The critical difference between today's MLB and today's NBA is that baseball is no longer repeating the lie that that player movement and big contracts have weakened the sport. During each labor negotiation, the commissioner and owners have stopped saying they are collectively losing money -- a hard case to make in the age of huge television deals; team-owned local networks; the money machine that is MLB Advanced Media; and valuations of the Red Sox, Yankees, Cubs and Dodgers nearing or cresting $1 billion, all on top of an era of stadium building unseen in 100 years.
Instead, baseball has told a more honest, nuanced truth: The sport has problem areas in Oakland and St. Petersburg, financial issues in Queens and ownership issues at Chavez Ravine but overall is in good health. "More people, the networks, advertisers, investors," Bud Selig said during the stirring Rangers-Cardinals World Series, "want to get into baseball now more than ever."
Even the lamentations over the Pujols exit from St. Louis were muted, another indication that the sport is comfortable with itself and the notion that freedom -- job, religious, political or otherwise -- is actually the American way. Outside of Busch Stadium, a statue of Stan Musial dwarfs monuments to the other great Cardinals: Brock, Gibson, Schoendienst. Pujols would've been in the same group; there was a statue waiting for him had he remained in St. Louis. He most likely will be sculpted in bronze one day, anyway, for he is, Musial included, arguably the greatest player ever to wear the uniform. Even after his departure for California, it's difficult to call someone who played 11 seasons with one team disloyal.
In Pujols' case, the system worked the way it is designed to work. The Cardinals received the first six years of his service exclusively, and enjoyed another five seasons with him on top of that, helping them to two championships. Now, he chooses to begin a new chapter of his life. He'll be fine, and so, too, will the Cardinals -- who, along with the Red Sox, Yankees and Dodgers, are among the four most historically important franchises in the sport.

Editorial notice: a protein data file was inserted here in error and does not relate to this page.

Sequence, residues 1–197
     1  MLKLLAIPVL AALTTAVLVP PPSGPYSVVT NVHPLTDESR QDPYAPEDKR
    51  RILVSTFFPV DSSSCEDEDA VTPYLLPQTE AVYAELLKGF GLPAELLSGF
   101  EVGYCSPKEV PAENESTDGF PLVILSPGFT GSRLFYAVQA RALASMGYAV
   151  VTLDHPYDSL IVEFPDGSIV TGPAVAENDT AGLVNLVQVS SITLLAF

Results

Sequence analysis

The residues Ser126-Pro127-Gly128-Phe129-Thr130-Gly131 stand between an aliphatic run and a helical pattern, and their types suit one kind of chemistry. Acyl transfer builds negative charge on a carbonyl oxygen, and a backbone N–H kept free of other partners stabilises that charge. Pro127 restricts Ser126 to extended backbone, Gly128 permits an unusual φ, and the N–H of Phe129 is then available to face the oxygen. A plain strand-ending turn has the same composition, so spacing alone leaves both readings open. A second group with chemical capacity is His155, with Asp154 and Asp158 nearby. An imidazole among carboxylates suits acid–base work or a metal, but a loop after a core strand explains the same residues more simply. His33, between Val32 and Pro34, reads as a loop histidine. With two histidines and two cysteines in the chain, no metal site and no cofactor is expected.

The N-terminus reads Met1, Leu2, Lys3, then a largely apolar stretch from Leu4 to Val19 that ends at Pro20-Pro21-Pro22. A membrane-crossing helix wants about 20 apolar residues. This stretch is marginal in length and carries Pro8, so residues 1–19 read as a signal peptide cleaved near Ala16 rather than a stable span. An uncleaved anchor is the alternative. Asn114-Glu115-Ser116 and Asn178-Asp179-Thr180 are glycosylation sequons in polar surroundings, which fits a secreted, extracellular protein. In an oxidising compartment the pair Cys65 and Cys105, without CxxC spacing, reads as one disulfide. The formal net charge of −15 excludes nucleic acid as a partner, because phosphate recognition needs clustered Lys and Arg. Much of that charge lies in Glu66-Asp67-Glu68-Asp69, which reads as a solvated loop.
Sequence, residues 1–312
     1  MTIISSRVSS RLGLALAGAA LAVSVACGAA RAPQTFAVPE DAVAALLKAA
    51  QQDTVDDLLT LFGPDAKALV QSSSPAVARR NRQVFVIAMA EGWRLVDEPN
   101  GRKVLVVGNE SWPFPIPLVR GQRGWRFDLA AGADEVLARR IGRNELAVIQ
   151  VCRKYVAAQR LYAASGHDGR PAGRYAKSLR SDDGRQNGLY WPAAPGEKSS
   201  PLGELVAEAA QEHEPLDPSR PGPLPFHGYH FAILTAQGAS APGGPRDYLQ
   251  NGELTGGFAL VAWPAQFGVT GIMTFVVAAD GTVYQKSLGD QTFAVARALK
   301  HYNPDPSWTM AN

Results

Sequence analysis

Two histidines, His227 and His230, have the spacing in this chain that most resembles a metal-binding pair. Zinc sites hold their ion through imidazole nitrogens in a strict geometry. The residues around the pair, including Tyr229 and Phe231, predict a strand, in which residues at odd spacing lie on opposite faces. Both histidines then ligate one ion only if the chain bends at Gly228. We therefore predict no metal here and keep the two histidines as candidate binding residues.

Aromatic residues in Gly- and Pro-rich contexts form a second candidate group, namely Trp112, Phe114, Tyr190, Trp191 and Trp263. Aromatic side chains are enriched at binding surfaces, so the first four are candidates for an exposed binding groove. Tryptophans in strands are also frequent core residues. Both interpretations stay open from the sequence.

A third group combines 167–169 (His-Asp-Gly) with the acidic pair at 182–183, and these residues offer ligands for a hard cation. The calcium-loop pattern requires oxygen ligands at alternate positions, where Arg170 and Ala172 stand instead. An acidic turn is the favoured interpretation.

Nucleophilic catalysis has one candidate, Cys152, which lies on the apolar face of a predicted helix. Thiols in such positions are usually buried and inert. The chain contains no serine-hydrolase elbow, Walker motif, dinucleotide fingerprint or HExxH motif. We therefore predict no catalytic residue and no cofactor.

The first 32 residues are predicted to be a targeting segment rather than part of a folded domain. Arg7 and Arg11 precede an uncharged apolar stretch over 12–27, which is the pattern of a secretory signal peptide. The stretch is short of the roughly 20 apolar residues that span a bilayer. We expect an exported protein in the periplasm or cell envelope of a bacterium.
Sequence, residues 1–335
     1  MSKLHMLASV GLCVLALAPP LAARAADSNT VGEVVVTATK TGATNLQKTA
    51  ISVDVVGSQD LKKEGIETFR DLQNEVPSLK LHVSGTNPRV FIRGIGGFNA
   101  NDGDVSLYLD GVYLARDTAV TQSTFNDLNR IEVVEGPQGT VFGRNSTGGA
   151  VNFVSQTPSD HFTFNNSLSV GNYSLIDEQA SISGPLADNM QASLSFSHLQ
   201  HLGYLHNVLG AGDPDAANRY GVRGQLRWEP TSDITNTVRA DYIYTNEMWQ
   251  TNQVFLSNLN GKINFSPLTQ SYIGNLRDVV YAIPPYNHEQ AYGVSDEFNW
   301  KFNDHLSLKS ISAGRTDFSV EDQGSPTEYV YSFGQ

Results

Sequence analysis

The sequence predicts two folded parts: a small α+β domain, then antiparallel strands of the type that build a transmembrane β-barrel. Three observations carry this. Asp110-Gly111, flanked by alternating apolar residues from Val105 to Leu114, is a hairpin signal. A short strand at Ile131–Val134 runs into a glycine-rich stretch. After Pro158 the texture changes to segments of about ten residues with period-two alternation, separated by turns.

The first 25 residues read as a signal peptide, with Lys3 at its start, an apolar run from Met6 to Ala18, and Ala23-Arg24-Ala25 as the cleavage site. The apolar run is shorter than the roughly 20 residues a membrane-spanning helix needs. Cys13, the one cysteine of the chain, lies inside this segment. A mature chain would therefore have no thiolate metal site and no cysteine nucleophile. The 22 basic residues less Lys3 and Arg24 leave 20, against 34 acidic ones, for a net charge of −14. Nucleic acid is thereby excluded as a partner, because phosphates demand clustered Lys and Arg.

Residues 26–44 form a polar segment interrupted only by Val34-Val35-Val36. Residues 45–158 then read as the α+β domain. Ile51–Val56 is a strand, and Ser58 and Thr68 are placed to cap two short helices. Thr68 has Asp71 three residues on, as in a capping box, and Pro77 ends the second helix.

Meanwhile, Stern is sinking in quicksand of his own making, allowing a small-market faction to undermine the game. The NBA has excitement in the nation's three biggest media markets (New York, Los Angeles, Chicago); a lucrative power featuring the game's signature player in Miami; and a first-time champion in Dallas, another huge market. The NBA has a marquee franchise in the Lakers and a venerable one in the Celtics; and in New York, the Knicks appear to be on the way back after years of losing and an embarrassing sexual harassment scandal centered around Hall of Famer Isiah Thomas.
The NBA has all of these advantages, and Stern still shut down the sport.
Thus, the reaction to the two sports are fitting. Some 4,000 people came out to Anaheim to fete C.J. Wilson and Pujols, while NBA players and executives criticized Stern's panicked handling and dissolving of the Paul trade from a franchise (the Hornets) that is owned by the league. As the year draws to a close, baseball is celebrated, while Stern looks increasingly like an emperor wearing little more than a pair of underwear.
Howard Bryant is a senior writer for ESPN.com. He is the author of "The Last Hero: A Life of Henry Aaron," "Shut Out: A Story of Race and Baseball in Boston" and "Juicing the Game: Drugs, Power and the Fight for the Soul of Major League Baseball." He can be reached at Howard.Bryant@espn.com. He can be followed on Twitter at www.twitter.com/hbryant42.